Digital hearing aids are programmable hearing instruments with digital circuits. These digital circuits are more flexible than analog circuits. The analog circuits increased the volume of all incoming sounds and sometimes made loud sounds too loud and soft sounds too soft. These types of circuits were also prone to feedback (whistling noise) and distortion. Digital circuits can be precisely programmed to match the patient's individual hearing loss, sometimes at each specific frequency/pitch. Digital circuits offer improved clarity of sound, less circuit noise, faster processing of sound, and improved listening in noise when compared to analog circuits. Digital hearing aids are easy to use because they adjust volume automatically.
Digital hearing aids represent the most advanced technology available today allowing the most precise prescriptive fitting available. Older analog hearing aids turned everything up, but digital hearing aids focus on clarity and comfort through sophisticated control of the sound signal inside the hearing aid.
If you think about the sounds that you can hear and sounds that you cannot hear, these sounds differ in pitch (ex. keys on a piano) and they differ in volume/loudness. Digital processing can shape your amplification (volume and clarity of signal which you hear through the aid) by changing pitches and changing volumes.
Digital hearing aids also offer many other feature like directional microphones and multiple programmable memories to enhance the user's benefit in different listening environments. The key is the tiny computer chip that manipulates the incoming soundwaves according to logic principles supplied by the various manufacturers. The modern digital hearing aid can provide a hearing-impaired person with an improved and more pleasant sound picture, but it cannot bring back normal hearing. Even digital hearing aids are limited by many factors of hearing loss such as speech understanding abilities, extent of damage to the inner ear and entire auditory pathway. Like many other high-tech devices, high expectations can accompany digital hearing aid devices. Counseling patients as to the realistic expectations of digital amplification will continue to be most important, but the future looks bright as technology and processing schemes continue to improve.
In a very rough sense, the digital hearing aid has five major components: the microphone, the analog to digital converter, the core, the digital to analog converter, and the receiver. Sound waves hit the hearing instrument microphone where they are converted to an electrical signal (analog).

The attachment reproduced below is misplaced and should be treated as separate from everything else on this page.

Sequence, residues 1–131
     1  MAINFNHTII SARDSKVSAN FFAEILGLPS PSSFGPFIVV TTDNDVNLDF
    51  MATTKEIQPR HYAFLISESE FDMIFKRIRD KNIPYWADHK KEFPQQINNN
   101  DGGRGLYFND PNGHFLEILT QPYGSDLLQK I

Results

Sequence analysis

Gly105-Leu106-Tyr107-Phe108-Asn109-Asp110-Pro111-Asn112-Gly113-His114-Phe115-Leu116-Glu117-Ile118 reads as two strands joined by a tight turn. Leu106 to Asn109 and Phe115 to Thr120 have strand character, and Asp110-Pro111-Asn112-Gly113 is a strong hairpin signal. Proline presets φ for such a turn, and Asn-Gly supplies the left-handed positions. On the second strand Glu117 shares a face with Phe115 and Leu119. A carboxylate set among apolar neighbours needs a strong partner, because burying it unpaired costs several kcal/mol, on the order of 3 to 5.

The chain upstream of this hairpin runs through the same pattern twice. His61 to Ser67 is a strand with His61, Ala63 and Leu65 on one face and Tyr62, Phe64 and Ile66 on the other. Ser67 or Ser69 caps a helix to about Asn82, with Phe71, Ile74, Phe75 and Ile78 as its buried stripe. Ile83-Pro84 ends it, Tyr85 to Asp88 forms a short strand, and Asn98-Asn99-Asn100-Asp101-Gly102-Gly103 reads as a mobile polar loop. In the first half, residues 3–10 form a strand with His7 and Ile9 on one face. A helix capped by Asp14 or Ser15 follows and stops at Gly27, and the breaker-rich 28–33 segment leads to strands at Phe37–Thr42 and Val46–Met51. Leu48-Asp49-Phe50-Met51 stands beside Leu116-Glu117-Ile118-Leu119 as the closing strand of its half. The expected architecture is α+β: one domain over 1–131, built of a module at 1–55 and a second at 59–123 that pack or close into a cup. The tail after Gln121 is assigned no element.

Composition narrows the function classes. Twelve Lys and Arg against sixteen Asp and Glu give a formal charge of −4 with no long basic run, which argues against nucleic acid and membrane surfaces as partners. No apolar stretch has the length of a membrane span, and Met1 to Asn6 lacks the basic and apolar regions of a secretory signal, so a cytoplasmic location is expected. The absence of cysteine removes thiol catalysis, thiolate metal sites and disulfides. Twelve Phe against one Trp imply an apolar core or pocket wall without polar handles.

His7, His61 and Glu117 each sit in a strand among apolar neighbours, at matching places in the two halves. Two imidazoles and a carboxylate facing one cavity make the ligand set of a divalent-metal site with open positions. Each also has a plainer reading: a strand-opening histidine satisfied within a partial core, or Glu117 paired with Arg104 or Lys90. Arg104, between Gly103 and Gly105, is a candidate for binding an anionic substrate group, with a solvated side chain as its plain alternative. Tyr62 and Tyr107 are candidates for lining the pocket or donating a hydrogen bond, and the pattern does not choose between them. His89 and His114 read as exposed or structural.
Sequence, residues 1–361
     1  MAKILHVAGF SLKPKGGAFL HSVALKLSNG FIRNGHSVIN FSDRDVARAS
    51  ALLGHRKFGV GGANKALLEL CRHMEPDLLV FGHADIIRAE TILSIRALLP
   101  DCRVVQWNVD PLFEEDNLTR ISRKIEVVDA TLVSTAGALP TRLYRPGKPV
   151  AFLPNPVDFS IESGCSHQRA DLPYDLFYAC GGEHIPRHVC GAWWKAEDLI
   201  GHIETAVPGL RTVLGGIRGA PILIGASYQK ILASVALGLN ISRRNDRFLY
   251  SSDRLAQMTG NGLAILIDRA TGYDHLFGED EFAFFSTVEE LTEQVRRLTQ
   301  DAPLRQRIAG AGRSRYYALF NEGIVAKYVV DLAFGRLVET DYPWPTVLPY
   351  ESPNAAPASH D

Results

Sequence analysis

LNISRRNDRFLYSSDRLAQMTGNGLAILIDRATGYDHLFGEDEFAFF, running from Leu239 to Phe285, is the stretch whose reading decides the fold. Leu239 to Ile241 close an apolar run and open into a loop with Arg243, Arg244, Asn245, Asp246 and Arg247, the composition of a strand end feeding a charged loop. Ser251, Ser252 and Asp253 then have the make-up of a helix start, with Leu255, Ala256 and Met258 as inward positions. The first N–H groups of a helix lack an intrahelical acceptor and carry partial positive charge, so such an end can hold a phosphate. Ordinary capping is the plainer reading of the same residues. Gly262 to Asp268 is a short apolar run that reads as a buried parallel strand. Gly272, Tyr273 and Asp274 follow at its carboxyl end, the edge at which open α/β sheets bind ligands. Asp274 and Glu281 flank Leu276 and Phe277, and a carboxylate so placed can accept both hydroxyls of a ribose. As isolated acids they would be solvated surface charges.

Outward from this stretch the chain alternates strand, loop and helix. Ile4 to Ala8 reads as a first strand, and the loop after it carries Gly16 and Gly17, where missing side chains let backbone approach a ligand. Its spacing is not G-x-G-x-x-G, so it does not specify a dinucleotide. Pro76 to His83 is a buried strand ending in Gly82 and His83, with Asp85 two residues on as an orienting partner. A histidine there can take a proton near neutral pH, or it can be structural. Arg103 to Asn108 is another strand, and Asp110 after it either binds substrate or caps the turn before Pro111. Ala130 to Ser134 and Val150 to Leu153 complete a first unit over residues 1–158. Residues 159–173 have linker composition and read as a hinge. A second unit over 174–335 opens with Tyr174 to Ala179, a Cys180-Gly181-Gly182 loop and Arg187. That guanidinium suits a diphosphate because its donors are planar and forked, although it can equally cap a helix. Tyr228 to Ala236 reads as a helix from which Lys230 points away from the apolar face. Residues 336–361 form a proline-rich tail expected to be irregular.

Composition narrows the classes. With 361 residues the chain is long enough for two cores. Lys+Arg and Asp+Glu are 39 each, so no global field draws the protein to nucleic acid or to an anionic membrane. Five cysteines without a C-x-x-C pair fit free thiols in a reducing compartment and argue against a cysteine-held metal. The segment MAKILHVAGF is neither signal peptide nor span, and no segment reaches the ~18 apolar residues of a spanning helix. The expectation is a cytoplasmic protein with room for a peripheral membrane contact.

The signal then passes through an Analog to Digital converter (A/D converter) where it is changed to a sequence of 1s and 0s. This sequence is sent to the "core" where it is filtered into bands and channels, then manipulated according to the programmed settings for the specific hearing loss. Each hearing aid manufacturer may have its own proprietary set of rules that it applies to the digital speech envelope. The manipulated signal is then channeled through a Digital to Analog converter (D/A) where the end result is an analog signal that has been manipulated according to the hearing loss and proprietary chip logic. This signal then travels to the receiver where it is converted back to an acoustic signal that the user then hears. In other words, the digital hearing aid has a tiny computer chip in it that can manipulate the sound according to specific frequency (pitch) and specific volume level to deliver a clear sound set precisely to the user's hearing loss.
The dispenser or audiologist then has the ability to manipulate many aspects of the digital processor, like gain, compression (control the loudness of sounds), and acoustical feedback (whistling noise) through the computer interface. The result is a more precisely fit hearing instrument and a happier hearing aid user.
People often ask why hearing aids are so expensive. One reason is that manufacturers put a great deal of time and money into research and development of the digital products. Another reason is that hearing aid industry is relatively small and a great majority of their products are custom made.
Prices for digital units can run from a low end of $950 to a high end of $2500 each. You also must realize that the price includes the services of a highly qualified audiologist who will program and service your hearing aid(s) for the life of the warranty and beyond. What type of digital aid you need will be determined by your listening needs. If you need to hear in crowds and in lots of demanding listening situations, the best noise reduction processor is what you may need. However if you have a fairly quiet life style, then perhaps a less sophisticated processor might be all you'll need to hear better. Your audiologist will help determine which digital processor is best for you.
LACE is an acronym for Listening And Communication Enhancement. Conceived by leading audiologists at the University of California at San Francisco, LACE is an interactive computerized aural rehabilitation program that has already helped thousands of people who live with some degree of hearing loss increase their listening skills by up to 45%.